Dangerous Gifts & Pernicious Transactions from Antiquity to the Digital Age
Attendance of this workshop is free, but registration is required. Please register by completing this form until May 17, 2017.
“Gifts make slaves as whips make dogs.” Dangerous, violent, and self-destructive gift-giving remains an alluring challenge for historians and anthropologists almost a hundred years after Marcel Mauss’s landmark essay on the gift. Globally, the notion of toxic and fateful gifts has haunted mythologies, folklores, and literatures for millennia. Yet even in everyday practice—to say nothing of more brittle spheres such as politics or religion—it is not always easy to draw a line between voluntary giving and coercion, between generosity and excess, between benevolence and insult, and between gratitude and bribery. No matter how much modern consumerist ideology pursues and tries to exploit the idea of a “pure” gift that is gratuitous, wholesome, and pleasing, the ambiguity of gift-giving is deeply embedded in human culture: the dark side of the gift is the shadow of the perfect gift.
Drawing together anthropologists, historians, literary scholars and theologians, this workshop pursues the controversial and dazzling subject of dangerous gifts and pernicious transactions from antiquity to the digital age. We ask what is the politics of dangerous gift-giving? When do gifts do the donor more harm than good? In what circumstances are religious gifts ambivalent? When do they become treacherous? And are digital gifts more dangerous than beneficial?
12.30 Registration, snacks, coffee and tea
13.00-13.20 Welcome and Introductions: Nadia Al-Bagdadi, Tudor Sala, Tracey Sowerby, Alexandra Urakova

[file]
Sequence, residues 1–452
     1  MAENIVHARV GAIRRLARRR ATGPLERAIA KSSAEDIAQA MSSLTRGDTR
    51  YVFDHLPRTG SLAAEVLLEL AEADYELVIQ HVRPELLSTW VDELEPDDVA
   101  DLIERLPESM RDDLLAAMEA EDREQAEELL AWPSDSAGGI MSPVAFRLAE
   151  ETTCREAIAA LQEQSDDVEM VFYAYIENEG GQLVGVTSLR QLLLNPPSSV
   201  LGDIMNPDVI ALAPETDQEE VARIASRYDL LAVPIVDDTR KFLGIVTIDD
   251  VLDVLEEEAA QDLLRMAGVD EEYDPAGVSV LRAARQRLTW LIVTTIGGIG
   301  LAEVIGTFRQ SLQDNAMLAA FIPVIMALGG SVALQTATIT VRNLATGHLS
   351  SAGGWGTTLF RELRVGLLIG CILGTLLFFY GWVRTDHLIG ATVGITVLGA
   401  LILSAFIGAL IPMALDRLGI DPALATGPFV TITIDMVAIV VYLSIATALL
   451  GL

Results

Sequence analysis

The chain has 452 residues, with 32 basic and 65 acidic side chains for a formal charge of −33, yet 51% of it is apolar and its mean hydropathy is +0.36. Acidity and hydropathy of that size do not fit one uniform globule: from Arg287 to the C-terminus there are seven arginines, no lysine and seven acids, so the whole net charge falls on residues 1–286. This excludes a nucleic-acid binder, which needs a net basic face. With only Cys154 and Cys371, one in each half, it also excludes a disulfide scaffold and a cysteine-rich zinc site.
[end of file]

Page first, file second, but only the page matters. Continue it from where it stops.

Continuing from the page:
13.20-14.45 Divine Gifts and Religious Offerings: Perfect, Imperfect, Corruptive (Moderator: Nadia Al-Bagdadi)
György Geréby (Department of Medieval Studies, CEU) “Every Good Endowment and Every Perfect Gift is from Above”: James 1:17 in Patristic Exegesis.
Davide Torsello (Business School, CEU) How History Converted Religious Offerings into Bribes: the Japanese Case.
14.45-15.15 Coffee and tea
15.15-16.30 Eucharistic Gifts and the Poison of Life (Moderator: Volker Menze)
István Perczel (Department of Medieval Studies, CEU) An Anarchist Ecclesiology? Saint Symeon the New Theologian on the Eucharistic Gifts and Unworthy Priests.
Tudor Sala (Institute for Advanced Study, CEU) When the Gift of Divine Life Kills: The Poisonous Eucharist in the Early Church.
16.30-17.00 Coffee and tea
17.00-18.30 Keynote Talk
Russell Belk (School of Business, York University) Little Nothings: Intangible, Ephemeral, Digital Gifts.
18.30 Wine and snacks
10.00-12.00 The Dark Side of Modern Gift Economies (Moderator: Tolga U. Esmer)
Alexandra Urakova (A.M. Gorky Institute of World Literature of the Russian Academy of Sciences) Gifts of Death and Boons of Life: A Gift of Death Motif in American Literature (1850s-1900s)
Sándor Hites (Institute for Literary Studies, Hungarian Academy of Sciences) Nationalism as Gift Economy: The Unintended Consequences of 19th century Hungarian Aristocratic Donations.
Ellen Litwicki (Department of History, State University of New York at Fredonia) Pernicious Transactions in the Workplace: the Society for the Prevention of Useless Giving.
13.30-15.30 The Politics of Gift Exchange: Legitimacy, Status, and Subversion (Moderator: Jan Hennings)
Erica Benner (Institute for Advanced Study, CEU) Machiavelli's Prince: A Gift to the Prince or a Gift to the People?
Neguin Yavari (Institute for Advanced Study CEU) Ominous Gifts and a Job Interview in Umayyad Damascus.
Tracey Sowerby (Institute for Advanced Study, CEU) Relics and Other Religious Items as Dangerous Diplomatic Gifts at the Turn of the Seventeenth Century.
15.30-16.00 Coffee and tea
16.00-17.00 Roundtable Discussion (Moderator: Alexandra Urakova)
Russell Belk, Tolga U. Esmer, Jan Hennings, Sándor Hites, Ellen Litwicki, Tudor Sala, Tracey Sowerby.
17.00 Wine and snacks